nullstream weblog - Arrg

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May 9, 2005 12:08 PM PST

My microdrive died this weekend. Spinning media really sucks, especially in portable devices. I didn't drop it or anything. I put it in my USB reader and copied over a video file, it all worked fine. Then I removed it and put it into my Ipaq (power off) and it was no longer recognized. Now it seems to have a mini 'click of death' sound coming from it.
What makes this an even larger shame is that I was on a forum a week or so ago defending their reliability. Oh well.
I looked online to see how much they are now, and they have really come down in price over last year. About 160.00 now for 4G. They also have the 6G generally available now. Flash is still too expensive for large sizes.

Comments (5)
Paul, May 10, 2005 04:33 PM:

Why are you storing data? That is so old economy.

John, May 10, 2005 08:25 PM:

Sigh, if my device where 'always connected' then I would not need to store data.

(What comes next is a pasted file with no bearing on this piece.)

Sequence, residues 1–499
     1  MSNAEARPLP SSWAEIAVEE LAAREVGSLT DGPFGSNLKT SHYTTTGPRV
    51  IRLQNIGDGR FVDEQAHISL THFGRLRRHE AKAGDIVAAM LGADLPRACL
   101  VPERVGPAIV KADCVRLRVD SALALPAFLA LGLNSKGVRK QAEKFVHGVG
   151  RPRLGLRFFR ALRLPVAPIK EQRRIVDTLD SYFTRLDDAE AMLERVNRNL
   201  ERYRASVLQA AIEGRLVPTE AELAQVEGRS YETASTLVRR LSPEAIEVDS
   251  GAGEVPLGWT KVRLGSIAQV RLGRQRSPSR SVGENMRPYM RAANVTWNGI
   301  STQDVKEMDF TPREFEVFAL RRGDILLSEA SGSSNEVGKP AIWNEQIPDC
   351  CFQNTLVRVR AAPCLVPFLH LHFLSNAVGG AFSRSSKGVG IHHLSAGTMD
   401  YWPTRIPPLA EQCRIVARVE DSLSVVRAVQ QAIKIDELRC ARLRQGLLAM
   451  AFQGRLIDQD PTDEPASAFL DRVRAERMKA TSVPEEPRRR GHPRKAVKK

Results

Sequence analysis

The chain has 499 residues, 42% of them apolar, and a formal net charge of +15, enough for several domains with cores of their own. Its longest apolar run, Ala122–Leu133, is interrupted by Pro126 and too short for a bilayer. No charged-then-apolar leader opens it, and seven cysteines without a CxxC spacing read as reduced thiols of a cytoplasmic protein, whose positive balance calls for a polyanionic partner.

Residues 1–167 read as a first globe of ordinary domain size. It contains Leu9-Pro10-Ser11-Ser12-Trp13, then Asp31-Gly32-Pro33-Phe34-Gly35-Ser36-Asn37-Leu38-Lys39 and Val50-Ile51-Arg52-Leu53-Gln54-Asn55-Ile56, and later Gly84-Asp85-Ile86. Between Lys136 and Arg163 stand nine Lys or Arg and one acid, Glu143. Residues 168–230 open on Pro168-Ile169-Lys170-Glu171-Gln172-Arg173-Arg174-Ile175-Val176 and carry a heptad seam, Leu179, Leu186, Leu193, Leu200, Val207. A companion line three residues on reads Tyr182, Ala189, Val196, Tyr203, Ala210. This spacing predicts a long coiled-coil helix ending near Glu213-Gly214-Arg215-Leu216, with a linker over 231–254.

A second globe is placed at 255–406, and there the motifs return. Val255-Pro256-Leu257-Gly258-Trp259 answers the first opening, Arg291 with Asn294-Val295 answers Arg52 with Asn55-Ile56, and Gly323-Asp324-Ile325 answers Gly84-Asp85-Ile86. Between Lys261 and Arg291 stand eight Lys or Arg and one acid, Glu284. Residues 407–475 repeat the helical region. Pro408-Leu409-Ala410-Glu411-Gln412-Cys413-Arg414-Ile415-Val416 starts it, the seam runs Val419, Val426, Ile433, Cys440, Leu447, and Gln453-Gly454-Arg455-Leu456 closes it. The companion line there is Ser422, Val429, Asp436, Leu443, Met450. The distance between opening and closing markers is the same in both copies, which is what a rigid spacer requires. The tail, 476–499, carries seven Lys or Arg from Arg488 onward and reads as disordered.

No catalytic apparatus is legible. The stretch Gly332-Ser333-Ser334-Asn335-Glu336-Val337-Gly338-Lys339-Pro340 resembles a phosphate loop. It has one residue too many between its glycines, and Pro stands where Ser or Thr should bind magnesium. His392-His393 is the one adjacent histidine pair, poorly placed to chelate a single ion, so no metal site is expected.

John, May 11, 2005 10:05 PM:

My new microdrive replacement arrived today. I'm back up and running. A few thoughts:

I wonder what the life span of these things really is. One of their biggest uses is in high end digital cameras. This is not a continuous use scenario. I've been using mine nearly everyday for many hours at a time. I guess I'll find out how long this new one lasts.

I've recently been pushing for mobile devices like pocketPc / smartphone to have hard drives built in. I'm not so sure anymore. Having them be removable may cost a bit more, but it's nice when upgrading device like I did recently. It's also handy to use them to transfer files around if you have a usb reader.

George, May 12, 2005 04:11 PM:

you might want to read the "Drive Usage" section on page 4 of this:


John, May 13, 2005 09:59 AM:

Seriously lame.
I already have the thing 'powered on' for more than the recommended 140 hours per month since my Ipaq is docked all day at work plus my travel time in the car.

The actual 'use' recommendations are only 20% of that time. This works out to 1.4 hours per day if you exclude weekends. So I guess the key to that is to make sure to use software that caches the data so the drive can spin down. I had been using Media Player for my music alot of the time since my wireless headphone buttons only work with it. But since it doesn't cache, I guess I'll make sure to only use pocket player with a reasonably large cache size.
I wish large capacity flash prices would come down.

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